Monday, July 19, 2010

Menemukan ketenangan

Tulisan ini saya peroleh dari blog women’s ministry di Calvary Church. Penulis mengingatkan saya bagaimana di tengah dunia kerja yang mendesak kita untuk menjadi go-getters, kita masih bisa menemukan ketenangan dan rasa aman hanya dalam Tuhan, seperti yang diungkapkan dalam Mazmur 62:5. Bagaimana ‘finding rest’ kita lihat sebagai sebuah ‘achievement’? Selamat membaca!

Wednesday, July 14, 2010
Becoming Dependent on God: Finding Identity apart from Work
Karen DeVries

“Find rest, O my soul, in God alone.” (Psalm 62:5)

“I teach Kindergarten, but I used to work for General Electric” is the answer I learned to give to the “What do you do?” question. Being connected to a corporation seemed more intriguing than being a teacher. My GE experience allowed me to tell impressive travel stories and reveal my worldly experience. A few years later I had to resign from my teaching job due to family illnesses. But I still clung to my work-related identity. When asked, “What do you do?” I would answer, “I used to be a Kindergarten teacher.” I still believed people were looking for the job answer.

I was raised to be a working girl with hopes of great achievement. I worked hard to earn high grades so I could get into a good college, get a good job, get promoted, get a house, get a godly husband, go to a good church, raise gifted children, connect with successful people. Go, go, get, get.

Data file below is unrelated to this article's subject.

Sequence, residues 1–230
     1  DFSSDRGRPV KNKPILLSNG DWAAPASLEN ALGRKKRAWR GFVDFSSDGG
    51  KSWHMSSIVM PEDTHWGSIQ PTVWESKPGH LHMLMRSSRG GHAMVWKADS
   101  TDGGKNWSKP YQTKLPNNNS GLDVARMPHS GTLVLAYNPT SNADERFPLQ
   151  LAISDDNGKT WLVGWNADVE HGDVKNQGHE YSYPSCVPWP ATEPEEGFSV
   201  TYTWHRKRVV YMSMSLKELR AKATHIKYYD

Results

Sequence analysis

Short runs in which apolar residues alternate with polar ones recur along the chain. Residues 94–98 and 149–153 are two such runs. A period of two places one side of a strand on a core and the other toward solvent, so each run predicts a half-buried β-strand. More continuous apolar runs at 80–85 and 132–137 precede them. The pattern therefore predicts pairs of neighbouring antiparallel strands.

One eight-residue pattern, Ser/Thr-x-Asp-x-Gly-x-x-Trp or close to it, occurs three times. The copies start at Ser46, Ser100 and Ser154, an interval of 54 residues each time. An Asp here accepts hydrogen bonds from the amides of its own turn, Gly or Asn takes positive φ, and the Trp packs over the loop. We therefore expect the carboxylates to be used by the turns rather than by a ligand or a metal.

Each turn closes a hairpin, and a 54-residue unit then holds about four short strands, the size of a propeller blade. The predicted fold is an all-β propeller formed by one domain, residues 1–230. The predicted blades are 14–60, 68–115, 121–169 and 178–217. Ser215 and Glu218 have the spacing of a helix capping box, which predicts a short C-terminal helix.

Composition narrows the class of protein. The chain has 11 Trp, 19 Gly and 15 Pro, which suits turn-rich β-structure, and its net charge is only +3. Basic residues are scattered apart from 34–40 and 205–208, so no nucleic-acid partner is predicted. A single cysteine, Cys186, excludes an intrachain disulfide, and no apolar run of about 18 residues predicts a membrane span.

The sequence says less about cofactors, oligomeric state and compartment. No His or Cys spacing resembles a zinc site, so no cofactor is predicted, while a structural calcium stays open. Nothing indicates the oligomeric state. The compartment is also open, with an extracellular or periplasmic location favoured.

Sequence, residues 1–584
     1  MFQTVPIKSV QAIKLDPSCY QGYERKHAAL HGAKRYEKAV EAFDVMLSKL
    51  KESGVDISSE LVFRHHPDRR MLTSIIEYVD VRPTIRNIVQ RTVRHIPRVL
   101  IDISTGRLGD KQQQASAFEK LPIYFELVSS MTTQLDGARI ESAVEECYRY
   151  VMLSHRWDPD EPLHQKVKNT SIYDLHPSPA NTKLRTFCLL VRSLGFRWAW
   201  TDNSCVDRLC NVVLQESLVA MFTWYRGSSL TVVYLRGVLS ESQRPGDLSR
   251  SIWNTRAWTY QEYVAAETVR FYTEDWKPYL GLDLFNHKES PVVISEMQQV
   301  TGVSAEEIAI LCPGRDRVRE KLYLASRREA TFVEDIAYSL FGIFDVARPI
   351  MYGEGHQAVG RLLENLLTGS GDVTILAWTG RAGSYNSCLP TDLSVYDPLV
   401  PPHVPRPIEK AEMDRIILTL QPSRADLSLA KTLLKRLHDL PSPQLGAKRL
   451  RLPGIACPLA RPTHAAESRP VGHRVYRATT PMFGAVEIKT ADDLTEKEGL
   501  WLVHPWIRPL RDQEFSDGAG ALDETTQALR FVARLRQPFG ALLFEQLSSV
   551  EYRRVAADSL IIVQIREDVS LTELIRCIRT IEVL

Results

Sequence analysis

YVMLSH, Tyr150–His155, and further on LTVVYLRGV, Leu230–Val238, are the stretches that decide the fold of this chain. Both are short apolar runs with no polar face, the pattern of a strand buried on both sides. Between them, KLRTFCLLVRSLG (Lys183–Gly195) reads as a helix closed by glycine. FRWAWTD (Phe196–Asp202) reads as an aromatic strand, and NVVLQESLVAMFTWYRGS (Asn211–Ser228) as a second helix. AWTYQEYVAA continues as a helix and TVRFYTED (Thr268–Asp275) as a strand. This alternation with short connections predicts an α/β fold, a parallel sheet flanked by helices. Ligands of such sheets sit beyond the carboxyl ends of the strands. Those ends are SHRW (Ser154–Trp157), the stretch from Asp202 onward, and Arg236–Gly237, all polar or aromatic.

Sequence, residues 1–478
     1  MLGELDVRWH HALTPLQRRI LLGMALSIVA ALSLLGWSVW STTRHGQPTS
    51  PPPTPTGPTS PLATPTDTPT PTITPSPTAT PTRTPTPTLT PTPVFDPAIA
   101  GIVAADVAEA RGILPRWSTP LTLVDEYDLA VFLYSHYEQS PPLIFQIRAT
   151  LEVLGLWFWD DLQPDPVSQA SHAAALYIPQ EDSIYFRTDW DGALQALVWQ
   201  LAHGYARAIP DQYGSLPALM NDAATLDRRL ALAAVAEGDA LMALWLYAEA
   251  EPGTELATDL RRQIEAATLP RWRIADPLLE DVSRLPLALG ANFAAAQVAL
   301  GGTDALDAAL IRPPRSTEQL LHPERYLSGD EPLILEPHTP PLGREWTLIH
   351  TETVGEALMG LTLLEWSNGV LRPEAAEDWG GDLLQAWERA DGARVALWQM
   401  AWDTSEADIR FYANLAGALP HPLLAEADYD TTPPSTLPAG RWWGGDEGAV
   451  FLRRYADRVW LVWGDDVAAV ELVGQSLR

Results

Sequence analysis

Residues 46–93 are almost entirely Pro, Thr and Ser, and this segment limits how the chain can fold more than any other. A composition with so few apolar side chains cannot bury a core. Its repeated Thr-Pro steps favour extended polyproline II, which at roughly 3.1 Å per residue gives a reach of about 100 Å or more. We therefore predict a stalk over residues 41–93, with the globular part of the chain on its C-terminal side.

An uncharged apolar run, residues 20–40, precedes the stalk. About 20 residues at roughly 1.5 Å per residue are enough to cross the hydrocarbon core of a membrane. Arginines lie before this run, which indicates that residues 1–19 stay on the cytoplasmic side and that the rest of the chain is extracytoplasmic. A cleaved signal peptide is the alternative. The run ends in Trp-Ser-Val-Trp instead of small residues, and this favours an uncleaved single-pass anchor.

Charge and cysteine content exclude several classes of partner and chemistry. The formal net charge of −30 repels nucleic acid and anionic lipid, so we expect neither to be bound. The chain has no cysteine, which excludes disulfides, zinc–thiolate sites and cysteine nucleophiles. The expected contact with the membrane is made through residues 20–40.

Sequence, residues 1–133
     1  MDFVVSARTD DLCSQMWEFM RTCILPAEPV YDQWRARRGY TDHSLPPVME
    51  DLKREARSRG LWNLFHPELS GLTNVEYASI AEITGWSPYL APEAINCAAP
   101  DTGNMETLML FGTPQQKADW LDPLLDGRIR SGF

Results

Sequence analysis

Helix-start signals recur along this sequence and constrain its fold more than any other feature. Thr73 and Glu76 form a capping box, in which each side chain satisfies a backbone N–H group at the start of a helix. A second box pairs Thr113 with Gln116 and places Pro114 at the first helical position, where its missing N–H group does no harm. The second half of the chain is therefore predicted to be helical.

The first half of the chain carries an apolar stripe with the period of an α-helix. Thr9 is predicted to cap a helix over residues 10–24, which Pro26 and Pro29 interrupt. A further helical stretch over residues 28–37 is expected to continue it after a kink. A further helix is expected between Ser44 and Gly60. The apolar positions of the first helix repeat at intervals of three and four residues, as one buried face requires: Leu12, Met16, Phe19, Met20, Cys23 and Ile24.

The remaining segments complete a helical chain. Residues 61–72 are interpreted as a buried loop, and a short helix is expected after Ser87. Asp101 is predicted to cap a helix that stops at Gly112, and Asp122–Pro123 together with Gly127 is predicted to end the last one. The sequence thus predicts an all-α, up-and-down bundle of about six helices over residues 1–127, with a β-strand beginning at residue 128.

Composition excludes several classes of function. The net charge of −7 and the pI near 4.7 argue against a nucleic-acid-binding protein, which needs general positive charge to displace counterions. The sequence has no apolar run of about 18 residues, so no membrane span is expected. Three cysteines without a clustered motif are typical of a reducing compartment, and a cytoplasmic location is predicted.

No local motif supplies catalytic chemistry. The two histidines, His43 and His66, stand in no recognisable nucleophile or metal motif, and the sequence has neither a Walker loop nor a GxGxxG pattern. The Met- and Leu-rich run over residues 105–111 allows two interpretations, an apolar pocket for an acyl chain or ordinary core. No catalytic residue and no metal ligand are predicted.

The words “Find rest, O my soul, in God alone” (Psalm 62:5) did not make sense to me until I was absolutely exhausted. I didn't think of “finding rest” as an achievement.

When I had to quit my job, I felt obligated to invest my time in other worthy projects. After years of pursuing one goal and then another, that was the only life I knew. I compared myself to other women and reasoned that it was best to stay busy and keep reaching for goals. That’s what everyone else did. Don't change behavior, just change treadmills.

We fail to realize how intertwined our identity is with our job, our tasks, or what we do for loved ones.

Leaving or losing a job, or facing any situation that involves loss, brings with it the compelling question: “What do I do now?”

There is no answer because God is more interested in who we are than in what we do.

Ultimately, we are daughters of the Creator of the universe. We forget this when we accept that our identity is defined by the tasks we do. We have a Perfect Father who loves us because we are His children. He's not impressed with our busyness or our societal success. He delights in our being.

So who am I without the identity of my job?

For me, finding my true identity means redefining success. Success is not receiving accolades from others for how much I accomplish. Success is finding the specific path that God intends for me and being satisfied with accomplishments that are not visible or measurable. My journey is unique. It is for God to determine, and for me to follow, without comparing myself to others, as Galatians 6:4–5 instructs us.

I still tend to dodge the “What do you do?” question by sharing an interesting story. But I am becoming more comfortable with quietness and stillness. I am seeking to obey God in “being” over “doing.”

Do you find your identity in a job, a relationship, or a set of tasks? Do you measure your value by comparing yourself to others? If so, how does this keep you from becoming the person God designed you to be?

How do you answer the “What do you do?” question? How might you answer it in a way that describes who you are becoming?

We'd love to hear your story.

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